The allegations (at paragraph 7 of the Complaint) against Chief Cifrulak are as follows:

Defendant Robert Cifrulak, is the Chief of Police of McKees Rocks Borough. He is sued in his individual capacity. This defendant, at all times relevant hereto, exercised the day-to-day responsibility to ensure the McKees Rocks Borough police officers were properly trained, supervised and disciplined. Further, this defendant at all times relevant hereto, had knowledge and/or was on notice, the McKees Rocks Borough police officers had used their official powers and authority to retaliate against and harass citizens on account of protected first amendment speech, by use of false arrest, the use of excessive and unnecessary force, the filing of false criminal charges. Despite such knowledge, this defendant filed to take action to prevent such conduct and/or otherwise permitted such actions to take place as a custom, practice or policy.

Although the allegations supporting this claim are not as "rich as some might prefer, " Fowler, 578 F.3d at 212, these allegations, combined with the numerous factual allegations in the Complaint, meet the standard of plausibility set forth under Iqbal and its progeny.

Defendants further argue that Plaintiff's claims against McKees Rocks Borough fail because Plaintiff has failed to identify a municipal policy, practice, or custom that amounts to deliberate indifference regarding the rights of the people with whom the Police come into contact. Carswell v. Homestead, 381 F.3d 235 (3d Cir. 2004). Accepting the allegations of the Complaint as true, the facts meet the standard of plausibility on this claim as well.

Next, Defendants argue that Plaintiff's First Amendment retaliation claim must also be dismissed, because Plaintiff has failed to plead that he was engaged in constitutionally protected activity, which he must show in order to establish a claim for First Amendment retaliation. Eichenlaub v. Township of Indiana, 385 F.3d 274, 282 (3d Cir. 2004). Plaintiff alleges in the Complaint that while "attempting to explain why he went to talk to Clayton Moore, one of the officers yelled, That's it!' and slapped Mr. Williams's hands from his railing." Complaint, ¶ 13. Plaintiff alleges that the Officers then tasered him in front of his grandchildren, ranging in age from 5 to 10 years of age. Plaintiff further alleges that "[W]hen Mr. Williams regained the ability to talk he asked the officers, Why did you do that'... Mr. Williams was placed in a patrol vehicle as he continuously pleaded with Officers Wiesenbach and Price to allow him [to] call the parents of his grandchildren to inform them of his arrest so someone could pick up the children. When Mr. Williams asked the officers What about my grandchildren?' one of the officers responded, "What about them?'" Complaint at ¶¶ 16, 19. The officers then allegedly ignored Plaintiff's pleas and transported him to the McKees Rocks Police Station, leaving the children unattended in the residence. Complaint at ¶ 20. These factual allegations are sufficient to support a claim for retaliation under the First Amendment.[1]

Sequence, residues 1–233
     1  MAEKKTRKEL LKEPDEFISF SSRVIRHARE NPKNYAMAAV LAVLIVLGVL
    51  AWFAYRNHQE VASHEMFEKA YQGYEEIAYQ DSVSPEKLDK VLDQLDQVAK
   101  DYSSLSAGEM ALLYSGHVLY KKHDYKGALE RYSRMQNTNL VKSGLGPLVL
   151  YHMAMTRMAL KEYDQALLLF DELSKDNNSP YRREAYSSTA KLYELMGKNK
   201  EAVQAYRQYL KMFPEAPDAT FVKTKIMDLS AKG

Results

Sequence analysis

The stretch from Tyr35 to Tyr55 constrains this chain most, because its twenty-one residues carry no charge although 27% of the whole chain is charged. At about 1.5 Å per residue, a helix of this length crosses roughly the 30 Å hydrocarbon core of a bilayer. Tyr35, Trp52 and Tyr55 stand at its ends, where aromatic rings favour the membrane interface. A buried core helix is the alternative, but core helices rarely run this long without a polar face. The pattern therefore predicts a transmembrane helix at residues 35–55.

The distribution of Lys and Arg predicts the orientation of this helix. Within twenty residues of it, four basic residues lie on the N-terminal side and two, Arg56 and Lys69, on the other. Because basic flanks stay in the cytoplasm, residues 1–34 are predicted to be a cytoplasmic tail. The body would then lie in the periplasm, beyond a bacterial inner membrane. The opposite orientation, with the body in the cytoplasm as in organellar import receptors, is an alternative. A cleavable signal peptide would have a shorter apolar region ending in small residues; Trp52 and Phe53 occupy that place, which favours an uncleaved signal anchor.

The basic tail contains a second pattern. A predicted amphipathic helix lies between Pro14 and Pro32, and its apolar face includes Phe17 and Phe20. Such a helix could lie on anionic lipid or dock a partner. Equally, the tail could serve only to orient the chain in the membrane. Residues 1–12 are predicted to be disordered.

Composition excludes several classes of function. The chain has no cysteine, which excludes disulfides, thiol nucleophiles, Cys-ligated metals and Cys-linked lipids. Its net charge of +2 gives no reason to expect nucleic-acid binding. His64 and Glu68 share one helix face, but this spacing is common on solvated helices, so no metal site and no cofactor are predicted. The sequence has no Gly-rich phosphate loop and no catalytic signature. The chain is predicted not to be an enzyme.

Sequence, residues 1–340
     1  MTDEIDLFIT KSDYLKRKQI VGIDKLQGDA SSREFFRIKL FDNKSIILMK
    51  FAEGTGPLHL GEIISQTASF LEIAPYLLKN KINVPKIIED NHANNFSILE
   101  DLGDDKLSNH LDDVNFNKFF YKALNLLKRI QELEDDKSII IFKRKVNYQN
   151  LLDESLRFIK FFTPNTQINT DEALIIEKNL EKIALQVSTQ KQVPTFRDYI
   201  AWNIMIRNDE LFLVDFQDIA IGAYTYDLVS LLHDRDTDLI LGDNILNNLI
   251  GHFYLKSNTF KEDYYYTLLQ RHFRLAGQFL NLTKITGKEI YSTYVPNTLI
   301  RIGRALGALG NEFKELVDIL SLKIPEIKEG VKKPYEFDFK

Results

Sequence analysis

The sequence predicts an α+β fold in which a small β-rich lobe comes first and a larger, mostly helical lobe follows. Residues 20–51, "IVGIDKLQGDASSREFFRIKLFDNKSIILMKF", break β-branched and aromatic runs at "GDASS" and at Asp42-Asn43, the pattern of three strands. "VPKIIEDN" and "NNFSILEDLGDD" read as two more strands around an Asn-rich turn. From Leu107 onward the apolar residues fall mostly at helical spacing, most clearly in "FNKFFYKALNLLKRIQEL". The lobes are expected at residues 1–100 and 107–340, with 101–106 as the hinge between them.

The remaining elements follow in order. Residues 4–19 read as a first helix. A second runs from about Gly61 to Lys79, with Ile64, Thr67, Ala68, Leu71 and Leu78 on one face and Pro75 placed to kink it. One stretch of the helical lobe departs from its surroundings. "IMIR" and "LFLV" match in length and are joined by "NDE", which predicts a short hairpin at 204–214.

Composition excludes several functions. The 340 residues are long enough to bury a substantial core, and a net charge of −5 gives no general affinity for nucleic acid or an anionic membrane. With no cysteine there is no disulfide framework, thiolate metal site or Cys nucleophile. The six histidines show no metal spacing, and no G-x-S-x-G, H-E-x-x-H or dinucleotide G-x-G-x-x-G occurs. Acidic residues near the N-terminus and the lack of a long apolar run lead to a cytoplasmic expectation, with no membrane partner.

Finally, Defendants contend that no claim of punitive damages may be sustained against the Borough of McKees Rocks and Officers Wiesenbach and Price as such damages are not available against a municipality under Section 1983. Plaintiff concedes on this point, and therefore, the request for punitive damages as to the municipality is stricken from the Complaint. Plaintiff, however, seeks leave to amend her Complaint to add a claim for punitive damages against the "proper" Defendant(s).

While Plaintiff is correct that Fed. R. Civ. Pr. 15(a)(1)(B) provides that he may file one Amended Complaint as a matter of course, it also requires that any such Amended Complaint must be filed within 21 days of the date the Motion to Dismiss was filed (8/20/13). The Court notes, however, that Plaintiff requested leave to amend the Complaint on the issue of punitive damages in Plaintiff's response to the Motion to Dismiss (filed on 9/10/13 at doc. no. 16). The Court will grant said request and an Amended Complaint shall be filed by September 25, 2013. Defendants shall file an Answer by October 2, 2013. The Court will not, however, entertain any requests to re-litigate matters that were raised and ruled upon in the instant Memorandum Order.

Accordingly, for these reasons, Defendants' Partial Motion to Dismiss (doc. no. 11) is GRANTED with respect to punitive damages, and DENIED in all other respects.